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Sweden: A Model for the Broadband Future?

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Sweden’s telecoms regulator recently issued a report detailing how openness in broadband infrastructure affects competition, and I thought it would be good to highlight since the FCC is embarking on a similar effort focused on the wireless industry. Sweden is a leader in broadband penetration, has some of the lowest average monthly high-speed Internet costs, and is boosting its fiber penetration, according to data from the Organisation for Economic Co-operation and Development. Most of the 134-page report is in Swedish, but the English abstract provided a good framework for thinking about competition in broadband.

From the report:

This report takes the market stakeholders as its starting point and is structured around a value chain for the production of broadband-based Internet access and services. The value chain is divided into five levels — natural resources (use of and access to land, ducts and spectrum), infrastructure (passive cables and masts), transmission (equipment for transportation of bit-streams), IP/Internet (equipment for traffic direction and IP addressing) and content and services (content, services and end user equipment). The report identifies — on each level of the value chain — challenges to openness.

Access to dark fiber is a key roadblock to openness and thus, innovation, the report found, and suggests that the government take a complementary role in promoting a fiber infrastructure. It also suggests that the lock-in periods and high fees for terminating a broadband contract slow innovation because unhappy consumers can’t “vote with their feet.” The final roadblock is a lack of spectrum for mobile broadband access. These issues are all important today in the U.S., so if anyone on Julius Genachowski’s team reads Swedish, it’s probably worth picking it up.

Image courtesy of Panoramas on Flickr

4 Responses to “Sweden: A Model for the Broadband Future?”

  1. Anders Comstedt

    Mr Bennet makes a few interesting observations, but unfortunately the conclusions are based upon a mix of false logic. True, population density is THE main factor, more important than purchasing power etc. We can also agree upon that Telia was one of the earliset to transform from the traditional PTT style (ATT/Ma Bell style for US readers) to what they are today.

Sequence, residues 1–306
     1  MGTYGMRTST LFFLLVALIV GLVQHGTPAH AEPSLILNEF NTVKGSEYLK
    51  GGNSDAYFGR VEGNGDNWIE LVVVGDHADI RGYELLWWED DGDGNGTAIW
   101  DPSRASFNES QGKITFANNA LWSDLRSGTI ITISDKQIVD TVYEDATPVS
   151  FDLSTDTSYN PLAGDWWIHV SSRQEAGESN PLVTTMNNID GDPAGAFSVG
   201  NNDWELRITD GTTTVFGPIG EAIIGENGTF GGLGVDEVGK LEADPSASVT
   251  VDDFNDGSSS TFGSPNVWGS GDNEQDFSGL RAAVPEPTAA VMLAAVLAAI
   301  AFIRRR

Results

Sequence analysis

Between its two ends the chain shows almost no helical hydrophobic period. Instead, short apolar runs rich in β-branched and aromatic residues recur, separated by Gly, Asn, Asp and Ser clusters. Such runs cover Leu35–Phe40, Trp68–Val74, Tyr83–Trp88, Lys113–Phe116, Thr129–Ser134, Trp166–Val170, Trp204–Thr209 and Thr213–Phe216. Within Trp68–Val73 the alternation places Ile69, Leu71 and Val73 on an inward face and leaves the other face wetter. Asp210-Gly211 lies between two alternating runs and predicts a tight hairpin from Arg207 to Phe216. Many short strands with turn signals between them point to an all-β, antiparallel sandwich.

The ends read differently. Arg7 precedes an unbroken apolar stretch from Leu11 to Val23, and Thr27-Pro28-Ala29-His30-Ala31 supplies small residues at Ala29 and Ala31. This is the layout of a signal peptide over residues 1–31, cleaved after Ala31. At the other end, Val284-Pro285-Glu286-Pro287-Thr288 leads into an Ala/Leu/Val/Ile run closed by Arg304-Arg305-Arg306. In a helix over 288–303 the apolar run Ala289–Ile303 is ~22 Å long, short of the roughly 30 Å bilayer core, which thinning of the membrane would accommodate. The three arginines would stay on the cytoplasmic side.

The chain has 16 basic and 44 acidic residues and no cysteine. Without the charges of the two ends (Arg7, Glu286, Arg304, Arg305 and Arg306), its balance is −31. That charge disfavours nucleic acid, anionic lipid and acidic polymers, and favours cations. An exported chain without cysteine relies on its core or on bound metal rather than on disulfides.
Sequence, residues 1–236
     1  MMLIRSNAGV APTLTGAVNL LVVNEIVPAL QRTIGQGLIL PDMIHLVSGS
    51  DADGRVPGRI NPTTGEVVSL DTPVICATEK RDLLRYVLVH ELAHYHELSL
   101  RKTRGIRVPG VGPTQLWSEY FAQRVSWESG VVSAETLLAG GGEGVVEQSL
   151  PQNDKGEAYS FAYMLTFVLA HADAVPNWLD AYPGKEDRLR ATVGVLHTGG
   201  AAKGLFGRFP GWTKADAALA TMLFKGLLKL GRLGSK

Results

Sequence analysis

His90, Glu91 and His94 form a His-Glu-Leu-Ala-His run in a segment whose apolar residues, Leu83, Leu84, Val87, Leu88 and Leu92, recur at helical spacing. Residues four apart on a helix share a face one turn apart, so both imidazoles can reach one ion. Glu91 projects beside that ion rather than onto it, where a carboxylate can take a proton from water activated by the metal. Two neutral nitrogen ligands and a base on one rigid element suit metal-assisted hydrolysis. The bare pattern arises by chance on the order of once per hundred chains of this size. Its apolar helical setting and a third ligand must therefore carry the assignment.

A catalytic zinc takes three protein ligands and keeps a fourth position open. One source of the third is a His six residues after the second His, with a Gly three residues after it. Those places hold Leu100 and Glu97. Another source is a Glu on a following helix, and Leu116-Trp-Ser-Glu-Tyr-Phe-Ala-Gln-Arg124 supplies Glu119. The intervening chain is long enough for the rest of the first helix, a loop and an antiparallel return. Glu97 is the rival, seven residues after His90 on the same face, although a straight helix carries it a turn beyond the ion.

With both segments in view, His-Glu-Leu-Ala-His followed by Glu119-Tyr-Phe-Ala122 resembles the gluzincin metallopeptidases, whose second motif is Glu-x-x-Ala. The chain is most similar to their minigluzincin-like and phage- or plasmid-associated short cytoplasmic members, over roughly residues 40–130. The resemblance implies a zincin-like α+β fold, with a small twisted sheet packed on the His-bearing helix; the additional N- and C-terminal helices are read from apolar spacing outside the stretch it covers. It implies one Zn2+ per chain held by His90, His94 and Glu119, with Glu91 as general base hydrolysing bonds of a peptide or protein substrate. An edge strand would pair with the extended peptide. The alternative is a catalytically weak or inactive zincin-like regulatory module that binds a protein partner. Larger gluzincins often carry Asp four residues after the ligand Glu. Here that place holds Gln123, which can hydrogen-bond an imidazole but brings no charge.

Where Mr Bennet totally misses the mark are the rest of his reasoning and conclusions. The easy thing, and likely the main reason for the FCC to seriuosly considering looking deeper and more at Sweden than any other country in the OECD is related to, yes, population density. With an average population of 20 per sq km, vs 200 for EU in average, his remark re “so many Swedes have chosen to live in high-rise buildings in Stockholm” is not only misleading but blatantly wrong. The critical element is instead that muni driven fiber deployment has taken place in +190 of the 292 local administrations, enabling competition.

    As for the reasons why Telia is more apt than several of its siblings, FT, DT et al, I can only refer to competitive pressure. This is a much more complex reasoning than could be expanded upon in a short comment, but it is still a fact that not even the laggards in the PTS can neglect this anymore. They are now playing catch up, not leading the way. Myths around infrastructure competition are crumbling, a common open fiber infrastructure is unavoidable. It is just a matter of how. Telia knows this too and are playing a careful, controlled retrenching game maximising its position as far as possible under the slow policy changes they like to see and lobby for in Brussels. Most likely, Telia’s infrastructure arm, Skanova, will soon be at arms length and consolidating lots of local fiber builds.

    I trust your big telco sponsored stay in Brussels was to your liking and fitted you view of the world. Most welcome to see more of the realities behind the EU, and not least Swedish, transformation of the telecom market.

  2. Earlier this week, I had the privilege of participating at an “Openess” discussion in Brussels at the behest of the Swedish telecoms operator, Telia-Sonera. One advantage that Sweden has over most other countries is an innovative operator who happens to be committed to enhancing the opportunities for innovation and widespread deployment of next-generation network services, is looking beyond the telecom era, and fully embracing the all-IP future in which telephony is software.

    It’s also quite nice for high-speed broadband that so many Swedes have chosen to live in high-rise buildings in Stockholm, thereby ensuring that the costs of optical interconnection are among the lowest in the world. Koreans have been similarly prudent.